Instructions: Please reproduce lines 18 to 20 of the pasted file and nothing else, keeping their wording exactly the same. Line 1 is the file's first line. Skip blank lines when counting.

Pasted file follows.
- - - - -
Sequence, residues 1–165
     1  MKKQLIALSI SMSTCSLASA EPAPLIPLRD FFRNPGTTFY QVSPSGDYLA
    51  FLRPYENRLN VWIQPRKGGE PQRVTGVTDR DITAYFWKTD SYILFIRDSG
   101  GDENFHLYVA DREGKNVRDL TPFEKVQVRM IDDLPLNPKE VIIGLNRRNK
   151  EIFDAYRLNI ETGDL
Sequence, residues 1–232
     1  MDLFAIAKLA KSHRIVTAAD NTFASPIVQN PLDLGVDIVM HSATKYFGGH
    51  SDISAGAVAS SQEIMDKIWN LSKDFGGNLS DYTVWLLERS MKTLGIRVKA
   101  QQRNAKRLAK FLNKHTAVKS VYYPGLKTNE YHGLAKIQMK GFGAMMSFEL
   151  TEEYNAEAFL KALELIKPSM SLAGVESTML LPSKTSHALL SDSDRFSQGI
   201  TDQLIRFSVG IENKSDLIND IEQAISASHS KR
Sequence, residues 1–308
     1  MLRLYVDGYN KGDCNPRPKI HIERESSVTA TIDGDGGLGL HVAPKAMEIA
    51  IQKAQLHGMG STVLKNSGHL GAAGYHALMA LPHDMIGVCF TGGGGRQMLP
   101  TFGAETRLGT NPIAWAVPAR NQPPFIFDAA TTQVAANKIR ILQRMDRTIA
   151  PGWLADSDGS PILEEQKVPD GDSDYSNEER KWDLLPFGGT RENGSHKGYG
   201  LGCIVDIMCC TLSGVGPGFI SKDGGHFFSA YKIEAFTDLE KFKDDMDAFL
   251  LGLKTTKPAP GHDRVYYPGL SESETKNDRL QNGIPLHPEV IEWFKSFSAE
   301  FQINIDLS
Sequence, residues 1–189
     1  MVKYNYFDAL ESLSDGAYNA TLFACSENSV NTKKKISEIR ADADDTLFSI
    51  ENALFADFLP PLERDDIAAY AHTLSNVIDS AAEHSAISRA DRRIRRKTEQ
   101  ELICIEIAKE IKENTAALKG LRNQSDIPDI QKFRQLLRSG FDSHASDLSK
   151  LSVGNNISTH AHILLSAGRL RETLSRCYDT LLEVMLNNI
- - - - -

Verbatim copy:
   251  LGLKTTKPAP GHDRVYYPGL SESETKNDRL QNGIPLHPEV IEWFKSFSAE
   301  FQINIDLS
Sequence, residues 1–189